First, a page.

When Emilia and William are sitting in the park, William says "If you go to Collegiate, you can go to Harvard," Emilia responds "Harvard sucks." Natalie Portman, who plays Emilia, attended Harvard. See more »
When Emilia and William are at the diner and Emilia asks the woman with the baby at another table how old the baby is, the woman answers, "Seven weeks; December 26." So the scene takes place in mid-February. When Emilia and William are shown leaving the diner in the next scene, the street trees in the background have mature green leaves, typical of summer. Deciduous street trees in New York City have no leaves in mid-February. See more »
Inevitably seeing this movie brought to mind another with a similar title, "Love And other Drugs", which was released later but I saw first. As well as titles with the same three first words, both films are based on a book (in this case a successful novel by Ayelet Waldman), are scripted by the director (in this instance, Don Roos), have an attractive and young lead actress (in this one, Natalie Portman), and deal with challenging social issues (this time, step-parenting and infant mortality). However, where "..Drugs" was a romantic comedy, "..Impossible Pursuits" has less romance and very little comedy. In fact, at times it is quite harrowing.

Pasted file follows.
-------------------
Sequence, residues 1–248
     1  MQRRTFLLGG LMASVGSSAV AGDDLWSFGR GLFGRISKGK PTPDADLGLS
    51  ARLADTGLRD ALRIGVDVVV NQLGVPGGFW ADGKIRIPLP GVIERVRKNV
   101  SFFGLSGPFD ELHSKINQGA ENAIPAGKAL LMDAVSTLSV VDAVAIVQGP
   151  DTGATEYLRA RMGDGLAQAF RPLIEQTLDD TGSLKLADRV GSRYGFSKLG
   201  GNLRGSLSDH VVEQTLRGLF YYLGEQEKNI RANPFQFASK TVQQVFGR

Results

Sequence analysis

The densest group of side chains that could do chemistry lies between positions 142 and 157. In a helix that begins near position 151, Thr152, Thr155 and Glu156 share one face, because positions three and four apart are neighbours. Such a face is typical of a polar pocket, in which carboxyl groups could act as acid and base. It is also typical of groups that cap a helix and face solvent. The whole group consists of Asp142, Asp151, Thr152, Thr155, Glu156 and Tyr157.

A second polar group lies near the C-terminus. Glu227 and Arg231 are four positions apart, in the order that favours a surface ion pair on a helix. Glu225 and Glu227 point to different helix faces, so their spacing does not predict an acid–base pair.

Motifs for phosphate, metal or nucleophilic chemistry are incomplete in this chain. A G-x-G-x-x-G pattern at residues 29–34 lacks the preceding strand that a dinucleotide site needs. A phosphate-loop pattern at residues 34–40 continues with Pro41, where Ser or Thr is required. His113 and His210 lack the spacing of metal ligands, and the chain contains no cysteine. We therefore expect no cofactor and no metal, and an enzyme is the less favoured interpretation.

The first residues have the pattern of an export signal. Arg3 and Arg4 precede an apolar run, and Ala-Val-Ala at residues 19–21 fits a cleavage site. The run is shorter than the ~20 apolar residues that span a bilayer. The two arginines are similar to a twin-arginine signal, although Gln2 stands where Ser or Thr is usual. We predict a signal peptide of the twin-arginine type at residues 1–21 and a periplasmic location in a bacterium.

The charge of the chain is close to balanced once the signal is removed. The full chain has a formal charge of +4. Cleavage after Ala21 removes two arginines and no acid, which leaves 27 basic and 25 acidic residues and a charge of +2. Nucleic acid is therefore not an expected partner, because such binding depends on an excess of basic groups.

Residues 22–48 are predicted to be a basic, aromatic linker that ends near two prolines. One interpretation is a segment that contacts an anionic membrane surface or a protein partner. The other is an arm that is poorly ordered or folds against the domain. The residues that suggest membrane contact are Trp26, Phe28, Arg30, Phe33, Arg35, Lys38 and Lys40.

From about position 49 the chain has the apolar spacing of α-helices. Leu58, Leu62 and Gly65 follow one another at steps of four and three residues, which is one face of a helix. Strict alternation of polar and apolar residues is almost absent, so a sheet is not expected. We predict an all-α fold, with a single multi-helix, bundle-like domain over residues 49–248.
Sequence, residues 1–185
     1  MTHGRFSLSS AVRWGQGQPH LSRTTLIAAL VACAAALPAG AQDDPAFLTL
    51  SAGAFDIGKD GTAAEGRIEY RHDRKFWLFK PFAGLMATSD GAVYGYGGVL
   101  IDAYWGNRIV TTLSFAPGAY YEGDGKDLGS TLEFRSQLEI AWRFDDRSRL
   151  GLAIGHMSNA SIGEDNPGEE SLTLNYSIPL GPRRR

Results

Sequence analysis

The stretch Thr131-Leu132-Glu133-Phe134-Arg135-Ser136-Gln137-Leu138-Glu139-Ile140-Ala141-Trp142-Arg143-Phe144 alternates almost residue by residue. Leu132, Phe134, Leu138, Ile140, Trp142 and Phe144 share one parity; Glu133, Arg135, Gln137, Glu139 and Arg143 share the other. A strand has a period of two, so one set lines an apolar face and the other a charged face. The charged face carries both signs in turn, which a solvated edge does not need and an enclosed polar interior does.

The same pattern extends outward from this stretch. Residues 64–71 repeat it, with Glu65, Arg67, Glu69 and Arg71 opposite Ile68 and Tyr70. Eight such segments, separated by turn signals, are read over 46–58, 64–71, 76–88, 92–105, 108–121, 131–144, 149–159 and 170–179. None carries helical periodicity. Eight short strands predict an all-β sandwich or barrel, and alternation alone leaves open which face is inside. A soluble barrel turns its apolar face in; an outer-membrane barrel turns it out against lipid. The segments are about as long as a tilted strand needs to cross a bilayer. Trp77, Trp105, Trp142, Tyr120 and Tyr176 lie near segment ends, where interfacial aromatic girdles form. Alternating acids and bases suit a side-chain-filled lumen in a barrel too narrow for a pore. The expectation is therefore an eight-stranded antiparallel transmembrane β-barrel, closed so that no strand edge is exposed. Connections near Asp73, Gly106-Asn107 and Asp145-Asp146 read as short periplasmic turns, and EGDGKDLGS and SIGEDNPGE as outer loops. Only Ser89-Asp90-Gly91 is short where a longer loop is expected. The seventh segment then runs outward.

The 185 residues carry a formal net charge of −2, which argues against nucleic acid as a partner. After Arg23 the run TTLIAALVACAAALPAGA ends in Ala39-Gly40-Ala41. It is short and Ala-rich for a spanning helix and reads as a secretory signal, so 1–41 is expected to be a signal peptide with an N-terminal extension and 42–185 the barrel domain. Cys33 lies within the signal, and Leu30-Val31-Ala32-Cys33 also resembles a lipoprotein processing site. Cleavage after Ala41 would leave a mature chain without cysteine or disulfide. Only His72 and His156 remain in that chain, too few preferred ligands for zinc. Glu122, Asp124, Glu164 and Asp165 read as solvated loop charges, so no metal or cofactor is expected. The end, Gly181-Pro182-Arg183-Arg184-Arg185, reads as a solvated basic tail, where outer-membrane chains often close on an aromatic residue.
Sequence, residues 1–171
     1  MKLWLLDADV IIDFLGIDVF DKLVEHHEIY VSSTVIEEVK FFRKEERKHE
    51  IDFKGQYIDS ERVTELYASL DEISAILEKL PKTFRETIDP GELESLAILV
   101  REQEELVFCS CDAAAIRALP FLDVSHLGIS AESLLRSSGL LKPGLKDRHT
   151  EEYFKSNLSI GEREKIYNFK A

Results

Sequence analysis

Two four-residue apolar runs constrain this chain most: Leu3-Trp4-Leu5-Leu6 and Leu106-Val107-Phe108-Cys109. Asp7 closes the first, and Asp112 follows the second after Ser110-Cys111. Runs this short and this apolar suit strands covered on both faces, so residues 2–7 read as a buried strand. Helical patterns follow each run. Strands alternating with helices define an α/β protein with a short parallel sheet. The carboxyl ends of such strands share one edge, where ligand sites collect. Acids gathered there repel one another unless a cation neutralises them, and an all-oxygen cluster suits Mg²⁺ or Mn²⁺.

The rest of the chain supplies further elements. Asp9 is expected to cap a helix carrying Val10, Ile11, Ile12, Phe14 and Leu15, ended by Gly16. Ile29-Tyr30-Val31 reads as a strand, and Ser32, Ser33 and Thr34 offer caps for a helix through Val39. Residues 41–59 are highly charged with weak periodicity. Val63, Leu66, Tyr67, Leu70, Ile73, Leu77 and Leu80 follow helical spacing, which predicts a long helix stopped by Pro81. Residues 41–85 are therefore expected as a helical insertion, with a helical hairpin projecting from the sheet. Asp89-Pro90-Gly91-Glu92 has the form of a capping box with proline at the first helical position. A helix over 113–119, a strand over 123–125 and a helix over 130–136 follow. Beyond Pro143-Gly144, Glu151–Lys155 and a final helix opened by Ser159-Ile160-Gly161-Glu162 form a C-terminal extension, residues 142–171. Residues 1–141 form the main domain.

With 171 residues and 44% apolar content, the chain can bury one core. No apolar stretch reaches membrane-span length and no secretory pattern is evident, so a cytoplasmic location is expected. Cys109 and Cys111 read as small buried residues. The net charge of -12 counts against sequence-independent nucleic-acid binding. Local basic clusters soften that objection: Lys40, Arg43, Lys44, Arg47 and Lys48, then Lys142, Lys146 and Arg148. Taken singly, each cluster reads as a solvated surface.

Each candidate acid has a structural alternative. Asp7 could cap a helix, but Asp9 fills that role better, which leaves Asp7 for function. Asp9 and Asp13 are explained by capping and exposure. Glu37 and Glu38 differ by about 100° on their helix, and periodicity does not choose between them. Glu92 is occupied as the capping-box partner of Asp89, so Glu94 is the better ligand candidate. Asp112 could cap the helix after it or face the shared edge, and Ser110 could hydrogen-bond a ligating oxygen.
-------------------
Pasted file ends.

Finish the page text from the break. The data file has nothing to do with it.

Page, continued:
It works because of an intelligent script (although the dialogue is sometimes hard to follow) and some fine acting, not just from Portman - who is excellent - but Scott Cohen as her husband, Lisa Kudrow as the ex-wife, and Charlie Tahan as the troubled child of the first marriage. Many films set in New York include scenes in Central Park, but here the location is particularly well used, especially in a silent walk to remember the deaths of the unborn or newly born. The soundtrack too neatly complements the action in a work that is well worth viewing as a contrast to the standard rom-com.
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